Beethoven with a horn stuck into his head against deafness
the impossibility the impossibility
Nietzsche gone totally mad
the impossibility of being human
all too human
in and out
out and in
these mad dogs of glory
moving this little bit of light toward us
“Beasts Bounding Through Time” (1986)
„Die Führung hat versagt. Aber die Führung kann und muss von den Massen und aus den Massen heraus neu geschaffen werden. Die Massen sind das Entscheidende, sie sind der Fels, auf dem der Endsieg der Revolution errichtet wird. Die Massen waren auf der Höhe, sie haben diese ‚Niederlage‘ zu einem Glied jener historischen Niederlagen gestaltet, die der Stolz und die Kraft des internationalen Sozialismus sind. Und darum wird aus dieser ‚Niederlage‘ der künftige Sieg erblühen. – ‚Ordnung herrscht in Berlin!‘ Ihr stumpfen Schergen! Eure ‚Ordnung‘ ist auf Sand gebaut. Die Revolution wird sich morgen schon ‚rasselnd wieder in die Höhe richten‘ und zu eurem Schrecken mit Posaunenklang verkünden: ‚Ich war, ich bin, ich werde sein!‘“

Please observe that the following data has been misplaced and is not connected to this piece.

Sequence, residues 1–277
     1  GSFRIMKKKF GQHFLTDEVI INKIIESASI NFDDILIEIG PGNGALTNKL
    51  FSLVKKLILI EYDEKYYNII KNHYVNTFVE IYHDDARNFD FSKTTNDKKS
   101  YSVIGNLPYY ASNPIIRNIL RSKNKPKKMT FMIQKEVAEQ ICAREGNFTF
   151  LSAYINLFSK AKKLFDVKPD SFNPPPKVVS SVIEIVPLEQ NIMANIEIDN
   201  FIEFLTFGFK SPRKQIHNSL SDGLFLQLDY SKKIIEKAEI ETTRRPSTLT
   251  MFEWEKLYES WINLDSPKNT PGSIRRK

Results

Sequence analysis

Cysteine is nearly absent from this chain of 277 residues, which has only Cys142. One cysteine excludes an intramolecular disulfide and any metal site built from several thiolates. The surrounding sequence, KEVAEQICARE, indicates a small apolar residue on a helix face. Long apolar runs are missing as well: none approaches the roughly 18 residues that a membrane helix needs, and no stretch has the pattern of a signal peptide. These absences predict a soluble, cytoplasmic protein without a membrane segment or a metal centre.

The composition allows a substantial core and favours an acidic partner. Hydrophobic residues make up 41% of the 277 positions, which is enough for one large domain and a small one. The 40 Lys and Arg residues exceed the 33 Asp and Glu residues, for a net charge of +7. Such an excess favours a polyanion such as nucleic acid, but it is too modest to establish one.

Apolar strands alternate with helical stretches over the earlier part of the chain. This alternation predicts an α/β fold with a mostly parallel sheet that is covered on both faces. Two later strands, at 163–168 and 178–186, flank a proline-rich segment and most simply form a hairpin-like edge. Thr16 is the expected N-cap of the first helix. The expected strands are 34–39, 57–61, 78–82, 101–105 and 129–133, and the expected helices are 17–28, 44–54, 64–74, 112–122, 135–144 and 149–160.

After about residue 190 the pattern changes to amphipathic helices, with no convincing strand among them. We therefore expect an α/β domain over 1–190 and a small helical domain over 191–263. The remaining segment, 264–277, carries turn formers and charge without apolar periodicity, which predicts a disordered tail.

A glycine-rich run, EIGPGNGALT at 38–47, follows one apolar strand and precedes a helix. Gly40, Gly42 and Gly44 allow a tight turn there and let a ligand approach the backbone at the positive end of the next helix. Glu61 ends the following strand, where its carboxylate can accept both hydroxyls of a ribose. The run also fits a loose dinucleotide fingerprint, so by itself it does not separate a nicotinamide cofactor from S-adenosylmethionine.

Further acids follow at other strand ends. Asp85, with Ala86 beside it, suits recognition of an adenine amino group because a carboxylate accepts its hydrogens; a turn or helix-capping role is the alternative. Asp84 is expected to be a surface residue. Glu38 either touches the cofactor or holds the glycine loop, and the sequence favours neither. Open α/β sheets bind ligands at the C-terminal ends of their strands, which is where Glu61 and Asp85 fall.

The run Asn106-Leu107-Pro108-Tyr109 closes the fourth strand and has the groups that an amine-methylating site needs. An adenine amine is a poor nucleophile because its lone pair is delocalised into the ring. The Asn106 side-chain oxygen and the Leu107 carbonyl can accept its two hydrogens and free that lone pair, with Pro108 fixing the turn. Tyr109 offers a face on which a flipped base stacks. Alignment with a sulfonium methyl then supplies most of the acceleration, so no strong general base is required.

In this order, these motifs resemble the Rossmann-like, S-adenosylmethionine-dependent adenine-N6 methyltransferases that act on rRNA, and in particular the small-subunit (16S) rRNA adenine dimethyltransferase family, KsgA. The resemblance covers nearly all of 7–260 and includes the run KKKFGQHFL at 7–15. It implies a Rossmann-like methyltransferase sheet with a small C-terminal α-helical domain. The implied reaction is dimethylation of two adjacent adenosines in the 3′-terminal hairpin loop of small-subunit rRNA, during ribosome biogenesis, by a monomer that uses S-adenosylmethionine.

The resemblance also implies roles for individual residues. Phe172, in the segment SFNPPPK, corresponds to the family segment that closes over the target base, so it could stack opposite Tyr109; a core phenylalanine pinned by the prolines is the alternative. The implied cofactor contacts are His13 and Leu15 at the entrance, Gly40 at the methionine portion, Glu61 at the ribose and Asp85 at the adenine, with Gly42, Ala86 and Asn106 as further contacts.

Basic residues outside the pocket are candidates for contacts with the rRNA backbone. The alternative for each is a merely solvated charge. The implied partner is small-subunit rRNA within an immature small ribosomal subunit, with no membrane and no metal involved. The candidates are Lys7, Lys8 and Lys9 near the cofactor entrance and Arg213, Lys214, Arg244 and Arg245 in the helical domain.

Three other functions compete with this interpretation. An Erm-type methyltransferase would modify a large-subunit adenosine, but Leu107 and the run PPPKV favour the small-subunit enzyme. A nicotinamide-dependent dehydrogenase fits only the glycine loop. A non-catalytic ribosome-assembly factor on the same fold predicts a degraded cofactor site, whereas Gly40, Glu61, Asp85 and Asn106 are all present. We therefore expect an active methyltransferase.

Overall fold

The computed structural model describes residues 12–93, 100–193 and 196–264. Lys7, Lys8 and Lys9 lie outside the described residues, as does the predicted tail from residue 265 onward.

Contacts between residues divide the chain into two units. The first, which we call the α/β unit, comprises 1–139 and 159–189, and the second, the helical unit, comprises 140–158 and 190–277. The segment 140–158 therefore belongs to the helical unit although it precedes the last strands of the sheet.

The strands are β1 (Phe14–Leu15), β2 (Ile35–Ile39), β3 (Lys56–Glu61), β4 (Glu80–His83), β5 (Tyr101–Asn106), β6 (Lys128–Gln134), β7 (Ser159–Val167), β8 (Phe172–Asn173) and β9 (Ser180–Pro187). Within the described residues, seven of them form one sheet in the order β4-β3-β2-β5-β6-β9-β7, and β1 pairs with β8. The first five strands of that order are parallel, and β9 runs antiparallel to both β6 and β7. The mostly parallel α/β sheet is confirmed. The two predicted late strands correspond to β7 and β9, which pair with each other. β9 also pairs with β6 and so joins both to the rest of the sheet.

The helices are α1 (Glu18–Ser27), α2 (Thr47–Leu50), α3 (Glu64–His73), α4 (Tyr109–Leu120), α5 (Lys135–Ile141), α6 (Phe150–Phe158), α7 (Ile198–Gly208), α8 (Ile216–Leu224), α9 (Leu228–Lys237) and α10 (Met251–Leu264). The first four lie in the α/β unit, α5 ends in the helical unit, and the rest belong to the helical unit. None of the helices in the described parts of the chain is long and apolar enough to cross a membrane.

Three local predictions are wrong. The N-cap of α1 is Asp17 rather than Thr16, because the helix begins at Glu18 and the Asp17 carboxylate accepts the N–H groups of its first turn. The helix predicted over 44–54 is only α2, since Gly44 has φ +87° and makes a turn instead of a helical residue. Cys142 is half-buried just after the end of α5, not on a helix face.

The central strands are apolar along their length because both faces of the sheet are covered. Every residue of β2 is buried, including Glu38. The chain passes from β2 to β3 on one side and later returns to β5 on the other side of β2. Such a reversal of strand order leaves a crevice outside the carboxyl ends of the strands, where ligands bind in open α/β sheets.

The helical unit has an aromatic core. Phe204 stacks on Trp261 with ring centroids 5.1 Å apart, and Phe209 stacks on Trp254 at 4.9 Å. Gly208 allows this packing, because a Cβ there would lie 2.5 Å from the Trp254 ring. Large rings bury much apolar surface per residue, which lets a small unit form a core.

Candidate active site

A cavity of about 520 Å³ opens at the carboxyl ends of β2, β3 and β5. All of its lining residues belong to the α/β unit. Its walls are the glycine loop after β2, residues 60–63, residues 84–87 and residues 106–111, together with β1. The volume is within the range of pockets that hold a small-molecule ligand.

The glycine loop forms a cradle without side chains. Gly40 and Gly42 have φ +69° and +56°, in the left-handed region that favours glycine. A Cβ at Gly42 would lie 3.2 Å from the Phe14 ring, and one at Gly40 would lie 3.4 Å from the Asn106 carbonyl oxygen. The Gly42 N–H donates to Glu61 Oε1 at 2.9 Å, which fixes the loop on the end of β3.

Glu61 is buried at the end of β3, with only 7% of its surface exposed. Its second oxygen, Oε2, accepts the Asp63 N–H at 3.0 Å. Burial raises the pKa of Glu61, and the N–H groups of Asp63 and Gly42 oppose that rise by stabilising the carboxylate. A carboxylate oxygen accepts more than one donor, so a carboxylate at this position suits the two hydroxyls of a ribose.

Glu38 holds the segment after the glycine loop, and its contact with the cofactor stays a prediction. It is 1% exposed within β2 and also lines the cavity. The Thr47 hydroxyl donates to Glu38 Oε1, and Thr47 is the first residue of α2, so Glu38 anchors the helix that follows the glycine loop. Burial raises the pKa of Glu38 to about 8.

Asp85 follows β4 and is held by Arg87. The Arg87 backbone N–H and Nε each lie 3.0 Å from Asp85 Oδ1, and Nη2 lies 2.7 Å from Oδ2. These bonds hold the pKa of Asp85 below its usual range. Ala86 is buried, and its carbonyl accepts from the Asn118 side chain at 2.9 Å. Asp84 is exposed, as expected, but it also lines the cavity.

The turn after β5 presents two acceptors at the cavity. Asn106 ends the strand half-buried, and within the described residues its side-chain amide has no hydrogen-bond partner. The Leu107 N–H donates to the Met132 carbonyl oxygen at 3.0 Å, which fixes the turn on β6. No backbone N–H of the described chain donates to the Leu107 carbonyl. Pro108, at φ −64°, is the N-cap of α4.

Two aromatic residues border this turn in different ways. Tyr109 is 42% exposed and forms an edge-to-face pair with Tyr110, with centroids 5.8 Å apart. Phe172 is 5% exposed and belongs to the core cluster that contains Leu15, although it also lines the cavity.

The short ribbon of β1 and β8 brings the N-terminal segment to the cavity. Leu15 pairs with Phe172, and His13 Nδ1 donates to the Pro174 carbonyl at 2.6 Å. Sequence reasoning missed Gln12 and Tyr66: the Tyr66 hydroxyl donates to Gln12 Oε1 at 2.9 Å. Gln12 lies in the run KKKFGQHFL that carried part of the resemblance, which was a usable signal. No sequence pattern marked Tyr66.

The leadership has failed. Even so, the leadership can and must be recreated from the masses and out of the masses. The masses are the decisive element, they are the rock on which the final victory of the revolution will be built. The masses were on the heights; they have developed this ‘defeat’ into one of the historical defeats which are the pride and strength of international socialism. And that is why the future victory will bloom from this ‘defeat’.’Order reigns in Berlin!’ You stupid henchmen! Your ‘order’ is built on sand. Tomorrow the revolution will already ‘raise itself with a rattle’ and announce with fanfare, to your terror:
I was, I am, I shall be!
Luis Buñuel met Salvador Dali along with other forecoming prominent figures of 1920s Spain in Madrid while studying at the University of Madrid (today it’s called Universidad Complutense de Madrid). Buñuel, Dali and Federico Garcia Lorca were all staying at the newly opened University Dormotory (Residencia de Estudiantes).
The picture on the right hand side was painted by Dali as a present to Buñuel. In an interview,Buñuel tells that this is the only picture hanged on the walls of his house. This derives from Buñuel’s arachnophobia, and his paranoia that spiders can hide themselves behind the picture frames 🙂
So, this is for today, tomorrow I will continue to write about Buñuel’s relationship with Dali and other figures.
I can write a lot about the film but, I will recommend you to read what Zizek wrote about it.!
I liked expecially these quotes in the film: